In 1887, John Bartholomew's Gazetteer of the British Isles described Holyhead like this:
Holyhead, seaport town and par., on north side of Holyhead Island, Anglesey, 24 miles NW. of Bangor, 60 miles from Dublin, and 261 miles from London - par., 7988 ac. (540 water), pop. 9689; seaport, 330 ac., pop. 8680; P.O., T.O., 2 Banks. Market-day, Saturday. The port possesses 2 fine harbours of refuge for ships of all sizes. Its prosperity is dne to the extensive railway and steamboat traffic, mainly supported by the Dublin mail packets and the London and North-Western Railway. The passage to Dublin takes about 4 hours. At the outer end of the breakwater is a fixed light (Holyhead) 66 ft. above high water and seen 13 miles. Holyhead united with Beaumaris, Amlwch, and Llangefni in returning 1 member till 1885.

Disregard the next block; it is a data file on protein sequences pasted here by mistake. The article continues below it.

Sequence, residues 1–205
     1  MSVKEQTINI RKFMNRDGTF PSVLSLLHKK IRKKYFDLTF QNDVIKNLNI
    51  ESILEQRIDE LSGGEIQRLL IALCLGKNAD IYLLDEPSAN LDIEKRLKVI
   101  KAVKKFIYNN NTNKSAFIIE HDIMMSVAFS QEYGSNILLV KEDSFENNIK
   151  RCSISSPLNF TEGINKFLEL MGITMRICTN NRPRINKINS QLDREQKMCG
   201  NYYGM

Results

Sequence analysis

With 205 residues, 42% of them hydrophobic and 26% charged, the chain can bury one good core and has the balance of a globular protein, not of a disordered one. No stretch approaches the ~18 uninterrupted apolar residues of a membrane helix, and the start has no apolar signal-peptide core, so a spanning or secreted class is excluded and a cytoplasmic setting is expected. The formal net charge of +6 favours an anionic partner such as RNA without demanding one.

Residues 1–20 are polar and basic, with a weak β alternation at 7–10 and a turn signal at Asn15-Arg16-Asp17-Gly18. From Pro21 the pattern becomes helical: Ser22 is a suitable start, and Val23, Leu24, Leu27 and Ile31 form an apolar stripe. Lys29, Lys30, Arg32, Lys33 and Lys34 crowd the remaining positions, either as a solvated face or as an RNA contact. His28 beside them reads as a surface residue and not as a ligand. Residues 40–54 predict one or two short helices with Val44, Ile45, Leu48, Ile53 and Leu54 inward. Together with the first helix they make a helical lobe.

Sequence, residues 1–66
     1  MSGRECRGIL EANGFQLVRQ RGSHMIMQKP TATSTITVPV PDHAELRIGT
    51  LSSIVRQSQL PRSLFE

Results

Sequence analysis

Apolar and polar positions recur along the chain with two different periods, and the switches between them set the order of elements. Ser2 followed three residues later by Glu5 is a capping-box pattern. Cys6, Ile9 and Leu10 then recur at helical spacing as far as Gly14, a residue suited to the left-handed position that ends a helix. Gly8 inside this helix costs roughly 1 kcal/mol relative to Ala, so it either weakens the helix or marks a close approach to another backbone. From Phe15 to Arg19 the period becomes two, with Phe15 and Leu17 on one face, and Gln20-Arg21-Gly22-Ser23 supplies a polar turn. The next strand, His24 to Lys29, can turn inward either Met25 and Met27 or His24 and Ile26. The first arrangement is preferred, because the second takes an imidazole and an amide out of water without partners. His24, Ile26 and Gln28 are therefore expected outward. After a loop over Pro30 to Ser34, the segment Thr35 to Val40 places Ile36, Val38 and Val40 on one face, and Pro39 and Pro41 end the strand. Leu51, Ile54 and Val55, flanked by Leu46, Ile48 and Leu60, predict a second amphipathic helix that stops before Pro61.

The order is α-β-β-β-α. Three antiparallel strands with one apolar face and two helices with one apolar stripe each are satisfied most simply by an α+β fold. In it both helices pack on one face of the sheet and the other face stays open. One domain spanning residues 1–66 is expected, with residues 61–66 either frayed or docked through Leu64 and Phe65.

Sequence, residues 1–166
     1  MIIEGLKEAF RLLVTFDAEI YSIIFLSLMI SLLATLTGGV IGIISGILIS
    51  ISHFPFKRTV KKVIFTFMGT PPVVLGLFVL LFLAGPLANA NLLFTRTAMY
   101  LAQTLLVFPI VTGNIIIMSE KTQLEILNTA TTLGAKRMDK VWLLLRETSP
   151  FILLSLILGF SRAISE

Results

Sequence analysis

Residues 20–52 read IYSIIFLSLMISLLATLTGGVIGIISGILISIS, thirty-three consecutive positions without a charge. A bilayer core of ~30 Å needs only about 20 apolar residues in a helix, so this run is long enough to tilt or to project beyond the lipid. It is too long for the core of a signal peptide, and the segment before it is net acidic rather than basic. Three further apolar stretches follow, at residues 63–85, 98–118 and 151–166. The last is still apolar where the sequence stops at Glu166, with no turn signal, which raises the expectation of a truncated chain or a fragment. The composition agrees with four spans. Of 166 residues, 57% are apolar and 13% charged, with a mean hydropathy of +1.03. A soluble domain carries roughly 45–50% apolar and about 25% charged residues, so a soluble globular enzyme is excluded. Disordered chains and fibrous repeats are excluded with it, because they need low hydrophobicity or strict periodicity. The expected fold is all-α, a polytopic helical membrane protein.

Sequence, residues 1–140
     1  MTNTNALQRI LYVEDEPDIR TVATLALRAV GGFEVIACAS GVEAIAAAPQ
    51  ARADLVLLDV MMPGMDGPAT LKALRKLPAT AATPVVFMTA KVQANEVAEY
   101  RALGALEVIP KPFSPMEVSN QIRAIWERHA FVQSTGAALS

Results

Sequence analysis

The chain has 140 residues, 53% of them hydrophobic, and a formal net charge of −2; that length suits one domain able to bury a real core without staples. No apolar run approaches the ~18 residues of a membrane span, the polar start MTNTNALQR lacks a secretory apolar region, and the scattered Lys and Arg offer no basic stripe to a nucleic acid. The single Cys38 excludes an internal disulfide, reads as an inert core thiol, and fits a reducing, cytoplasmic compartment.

A Vision of Britain through Time includes a large library of local statistics for administrative units. For the best overall sense of how the area containing Holyhead has changed, please see our redistricted information for the modern district of the Isle of Anglesey. More detailed statistical data are available under Units and statistics, which includes both administrative units covering Holyhead and units named after it.
GB Historical GIS / University of Portsmouth, History of Holyhead in The the Isle of Anglesey | Map and description, A Vision of Britain through Time.
Date accessed: 30th June 2016
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